Nice Youtube find, Oldhat. That video pretty much sums up everything I know. Changing one note of a dim7 = Dominant 7 was news to me.
Mreisz, I also like your idea of a 1 in 3 chance of hitting the right dim7, funny. If you do hit the wrong dim7 chord you could slide it up or down a fret and your odds would be 50/50!
As far as the “usage” knowledge I have to chip in, the dim7 creates tension like the Dominant 7. That’s why you can substitute like they explain in the video.
In the Key of G major, the D7 wants to resolve back to G (V7 to I.)
The F# dim7 REALLY wants to go back to G (vii dim7 to 1.)
If you look at the chord top down( as per the D7-ish shape with the D# on the fourth string on the guitar):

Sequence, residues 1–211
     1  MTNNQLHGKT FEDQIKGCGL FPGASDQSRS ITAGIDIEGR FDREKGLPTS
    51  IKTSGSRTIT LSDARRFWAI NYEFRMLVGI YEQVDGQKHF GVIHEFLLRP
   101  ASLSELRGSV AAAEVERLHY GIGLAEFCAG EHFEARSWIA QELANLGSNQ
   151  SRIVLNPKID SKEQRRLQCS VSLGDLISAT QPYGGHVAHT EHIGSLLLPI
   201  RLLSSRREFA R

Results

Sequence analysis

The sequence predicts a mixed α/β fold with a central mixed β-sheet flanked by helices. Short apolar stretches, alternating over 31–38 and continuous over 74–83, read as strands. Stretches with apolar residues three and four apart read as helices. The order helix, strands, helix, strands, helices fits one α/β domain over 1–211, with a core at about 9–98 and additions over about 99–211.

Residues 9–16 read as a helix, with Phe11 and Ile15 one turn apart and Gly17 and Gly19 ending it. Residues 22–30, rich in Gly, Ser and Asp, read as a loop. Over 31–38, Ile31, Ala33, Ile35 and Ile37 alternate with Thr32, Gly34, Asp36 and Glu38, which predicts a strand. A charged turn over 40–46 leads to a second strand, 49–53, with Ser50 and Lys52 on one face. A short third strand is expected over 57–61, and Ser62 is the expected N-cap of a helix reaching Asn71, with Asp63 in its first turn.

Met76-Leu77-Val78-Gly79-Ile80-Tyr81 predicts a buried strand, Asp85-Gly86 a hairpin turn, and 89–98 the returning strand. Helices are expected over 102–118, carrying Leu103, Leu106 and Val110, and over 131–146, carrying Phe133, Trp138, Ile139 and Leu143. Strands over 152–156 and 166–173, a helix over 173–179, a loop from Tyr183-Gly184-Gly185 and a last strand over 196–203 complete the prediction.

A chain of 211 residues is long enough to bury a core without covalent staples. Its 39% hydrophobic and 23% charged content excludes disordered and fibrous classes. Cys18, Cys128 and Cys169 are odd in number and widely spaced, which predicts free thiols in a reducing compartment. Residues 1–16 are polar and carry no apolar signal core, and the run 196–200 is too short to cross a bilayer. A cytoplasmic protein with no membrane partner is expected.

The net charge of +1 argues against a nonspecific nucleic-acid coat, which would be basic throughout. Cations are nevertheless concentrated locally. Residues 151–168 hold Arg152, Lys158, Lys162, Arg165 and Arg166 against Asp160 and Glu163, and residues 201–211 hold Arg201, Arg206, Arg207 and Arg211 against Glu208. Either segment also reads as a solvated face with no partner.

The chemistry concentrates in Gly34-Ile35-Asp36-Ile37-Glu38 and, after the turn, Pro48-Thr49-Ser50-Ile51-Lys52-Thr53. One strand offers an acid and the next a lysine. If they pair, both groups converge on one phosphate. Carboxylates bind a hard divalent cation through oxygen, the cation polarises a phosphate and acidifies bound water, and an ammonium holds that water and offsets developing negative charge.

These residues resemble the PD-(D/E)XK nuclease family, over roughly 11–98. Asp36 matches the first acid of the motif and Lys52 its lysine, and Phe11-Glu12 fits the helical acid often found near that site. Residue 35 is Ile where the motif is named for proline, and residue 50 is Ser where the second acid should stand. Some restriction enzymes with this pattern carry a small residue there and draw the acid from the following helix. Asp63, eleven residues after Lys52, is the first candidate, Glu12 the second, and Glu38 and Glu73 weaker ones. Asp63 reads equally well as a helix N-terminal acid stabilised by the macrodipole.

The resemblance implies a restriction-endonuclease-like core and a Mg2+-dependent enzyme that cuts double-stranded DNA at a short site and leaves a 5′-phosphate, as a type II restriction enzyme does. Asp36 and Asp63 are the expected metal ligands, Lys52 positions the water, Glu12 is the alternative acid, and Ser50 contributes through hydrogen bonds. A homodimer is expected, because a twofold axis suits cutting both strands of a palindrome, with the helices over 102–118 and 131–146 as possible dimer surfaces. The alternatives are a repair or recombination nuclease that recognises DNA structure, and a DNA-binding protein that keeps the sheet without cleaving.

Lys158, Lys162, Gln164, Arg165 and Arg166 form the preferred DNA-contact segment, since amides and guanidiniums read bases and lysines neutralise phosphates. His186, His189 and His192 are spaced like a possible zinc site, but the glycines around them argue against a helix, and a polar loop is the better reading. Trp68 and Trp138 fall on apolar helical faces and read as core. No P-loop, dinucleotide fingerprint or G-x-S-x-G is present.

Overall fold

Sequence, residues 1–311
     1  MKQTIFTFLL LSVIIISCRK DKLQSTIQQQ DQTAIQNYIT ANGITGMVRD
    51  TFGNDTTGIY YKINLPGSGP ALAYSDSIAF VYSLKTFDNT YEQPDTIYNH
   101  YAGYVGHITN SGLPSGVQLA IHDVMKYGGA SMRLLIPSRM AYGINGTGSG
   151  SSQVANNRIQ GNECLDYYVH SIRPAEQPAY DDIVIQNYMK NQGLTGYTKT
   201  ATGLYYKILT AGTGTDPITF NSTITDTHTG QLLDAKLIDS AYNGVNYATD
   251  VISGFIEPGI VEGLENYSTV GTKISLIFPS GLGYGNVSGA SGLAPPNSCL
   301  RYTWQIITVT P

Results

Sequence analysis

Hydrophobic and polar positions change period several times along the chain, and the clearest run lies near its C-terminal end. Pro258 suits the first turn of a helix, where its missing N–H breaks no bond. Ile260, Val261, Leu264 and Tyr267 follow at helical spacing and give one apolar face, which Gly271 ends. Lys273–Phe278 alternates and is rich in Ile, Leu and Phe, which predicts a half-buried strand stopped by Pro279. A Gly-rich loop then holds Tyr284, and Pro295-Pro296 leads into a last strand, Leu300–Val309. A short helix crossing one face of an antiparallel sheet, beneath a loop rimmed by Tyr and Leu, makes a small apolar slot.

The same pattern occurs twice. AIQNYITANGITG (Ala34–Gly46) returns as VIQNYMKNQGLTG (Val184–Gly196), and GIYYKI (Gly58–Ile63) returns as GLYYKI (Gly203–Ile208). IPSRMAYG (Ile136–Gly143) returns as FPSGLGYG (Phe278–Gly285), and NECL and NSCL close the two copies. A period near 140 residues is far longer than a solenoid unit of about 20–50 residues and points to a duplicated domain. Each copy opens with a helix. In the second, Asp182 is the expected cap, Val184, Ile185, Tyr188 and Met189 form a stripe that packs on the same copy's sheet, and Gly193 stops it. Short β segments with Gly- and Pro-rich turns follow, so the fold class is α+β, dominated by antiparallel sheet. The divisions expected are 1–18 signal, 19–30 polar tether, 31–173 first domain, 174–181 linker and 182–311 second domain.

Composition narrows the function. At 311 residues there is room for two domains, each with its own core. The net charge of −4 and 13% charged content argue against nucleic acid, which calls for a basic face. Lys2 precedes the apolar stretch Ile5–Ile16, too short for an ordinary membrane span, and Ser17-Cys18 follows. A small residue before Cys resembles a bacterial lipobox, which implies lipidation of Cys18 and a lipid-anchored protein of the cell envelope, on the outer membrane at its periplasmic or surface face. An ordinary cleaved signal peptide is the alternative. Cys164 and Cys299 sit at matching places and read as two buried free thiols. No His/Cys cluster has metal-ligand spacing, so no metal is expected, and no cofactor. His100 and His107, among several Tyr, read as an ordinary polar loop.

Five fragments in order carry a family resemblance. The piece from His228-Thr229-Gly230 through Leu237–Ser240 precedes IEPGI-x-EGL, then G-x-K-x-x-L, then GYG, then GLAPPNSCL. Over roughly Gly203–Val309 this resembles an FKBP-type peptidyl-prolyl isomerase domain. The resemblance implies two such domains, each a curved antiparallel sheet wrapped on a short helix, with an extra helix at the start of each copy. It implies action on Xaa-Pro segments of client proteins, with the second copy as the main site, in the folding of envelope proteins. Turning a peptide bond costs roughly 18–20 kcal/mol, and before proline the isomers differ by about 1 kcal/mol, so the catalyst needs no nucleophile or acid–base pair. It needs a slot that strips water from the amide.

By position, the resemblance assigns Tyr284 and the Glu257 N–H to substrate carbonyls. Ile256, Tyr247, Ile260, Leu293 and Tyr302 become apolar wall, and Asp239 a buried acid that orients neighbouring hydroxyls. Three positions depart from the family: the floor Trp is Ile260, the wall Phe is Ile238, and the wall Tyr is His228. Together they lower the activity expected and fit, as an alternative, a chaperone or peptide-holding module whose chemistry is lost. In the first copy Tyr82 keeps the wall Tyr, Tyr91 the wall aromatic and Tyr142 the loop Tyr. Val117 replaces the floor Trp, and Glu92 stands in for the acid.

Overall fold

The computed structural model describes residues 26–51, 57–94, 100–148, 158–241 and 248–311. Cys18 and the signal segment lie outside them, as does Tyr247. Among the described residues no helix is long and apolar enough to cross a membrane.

F# wants to go to G
C wants to go to B
A wants to go to G (or B it’s caught in between)
D# wants to go to D
Since Em is the the relative minor of G, it also can create tension to go to Em. That D# can want to go to E as well. So if you’re playing G and an Em is coming up, your could whip out the F#dim7 and to walk it down to Em, or play a lick with those chord tones and create tension to set up that Em.
You can also use that dim7 to set up a Key change ( like G#dim7 to A)